I've tried everything I can think... (admittedly it isn't much as this is my first time attempting to host a domain)

on Route 57: I created a "Hosted Zone" for my git subdomain and attempted to edit the Record Sets to include "NS" (Name Server) and a "SOA" (Start of Authority) I've tried creating a "PTR" (Pointer) to just forward the traffic however nothing works.

I'm sure I'm doing something stupid and its probably an easy fix but I just don't get it... I've read all the docs I can find on creating subdomains on EC2 instances but ... I'm failing.

So any pointers? Has anyone on this list had success creating a subdomain on an EC2 instance? I choose an EC2 instance for the obvious its free reason but I've seen others use subdomains on their EC2 so I know its possible.

I realize lots of you guys are admins and are probably laughing at the neophile domain host right now but I'm simply lost and thought I would plea to those with more experience than I have... Thanks ahead of time guys.

Oh and I can forward the domains I didn't associate with the EC2 instance just fine so forwards correctly to same for .com and .info.

UTF8 Trick (cats!)

From: "Robert A. Kelly III" 
The real purpose of Unicode is so we can exchange plain text cats on the
internet! 😸

On 06/26/2013 09:33 AM, James Nylen wrote:
> UTF-8 encoded sample plain-text file
> ‾‾‾‾‾‾‾‾‾‾‾‾‾‾‾‾‾‾‾‾‾‾‾‾‾‾‾‾‾‾‾‾‾‾‾‾
> Markus Kuhn [ˈmaʳkʊs kuːn]  — 2002-07-25
> The ASCII compatible UTF-8 encoding used in this plain-text file
> is defined in Unicode, ISO 10646-1, and RFC 2279.
> Using Unicode/UTF-8, you can write in emails and source code things such as
> Mathematics and sciences:
>   ∮ E⋅da = Q,  n → ∞, ∑ f(i) = ∏ g(i)
>   ∀x∈ℝ: ⌈x⌉ = −⌊−x⌋, α ∧ ¬β = ¬(¬α ∨ β)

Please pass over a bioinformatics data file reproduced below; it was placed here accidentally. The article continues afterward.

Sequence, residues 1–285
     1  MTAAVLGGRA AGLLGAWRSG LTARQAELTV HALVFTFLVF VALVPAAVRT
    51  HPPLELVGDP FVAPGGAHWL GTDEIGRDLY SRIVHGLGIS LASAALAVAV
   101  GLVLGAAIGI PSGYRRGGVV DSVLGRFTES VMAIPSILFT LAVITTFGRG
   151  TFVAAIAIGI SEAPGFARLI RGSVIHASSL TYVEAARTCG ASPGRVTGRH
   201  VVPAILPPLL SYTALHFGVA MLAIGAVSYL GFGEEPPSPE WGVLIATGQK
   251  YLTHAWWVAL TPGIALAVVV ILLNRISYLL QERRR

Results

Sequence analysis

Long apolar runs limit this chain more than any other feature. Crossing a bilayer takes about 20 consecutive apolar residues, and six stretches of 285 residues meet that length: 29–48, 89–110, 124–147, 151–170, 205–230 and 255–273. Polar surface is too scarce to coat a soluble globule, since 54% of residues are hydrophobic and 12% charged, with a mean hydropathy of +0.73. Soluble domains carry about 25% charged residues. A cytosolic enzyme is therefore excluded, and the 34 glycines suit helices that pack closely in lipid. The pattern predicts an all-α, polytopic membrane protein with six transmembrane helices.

>   ℕ ⊆ ℕ₀ ⊂ ℤ ⊂ ℚ ⊂ ℝ ⊂ ℂ
>   ⊥ < a ≠ b ≡ c ≤ d ≪ ⊤ ⇒ (⟦A⟧ ⇔ ⟪B⟫)
>   2H₂ + O₂ ⇌ 2H₂O, R = 4.7 kΩ, ⌀ 200 mm
> Linguistics and dictionaries:
>   ði ıntəˈnæʃənəl fəˈnɛtık əsoʊsiˈeıʃn
>   Y [ˈʏpsilɔn], Yen [jɛn], Yoga [ˈjoːgɑ]
> APL:
>   ((V⍳V)=⍳⍴V)/V←,V    ⌷←⍳→⍴∆∇⊃‾⍎⍕⌈
> Nicer typography in plain text files:
>   ╔══════════════════════════════════════════╗
>   ║                                          ║
>   ║   • ‘single’ and “double” quotes         ║
>   ║                                          ║
>   ║   • Curly apostrophes: “We’ve been here” ║
>   ║                                          ║
>   ║   • Latin-1 apostrophe and accents: '´`  ║
>   ║                                          ║
>   ║   • ‚deutsche‘ „Anführungszeichen“       ║
>   ║                                          ║
>   ║   • †, ‡, ‰, •, 3–4, —, −5/+5, ™, …      ║
>   ║                                          ║
>   ║   • ASCII safety test: 1lI|, 0OD, 8B     ║
>   ║                      ╭─────────╮         ║
>   ║   • the euro symbol: │ 14.95 € │         ║
>   ║                      ╰─────────╯         ║
>   ╚══════════════════════════════════════════╝
> Combining characters: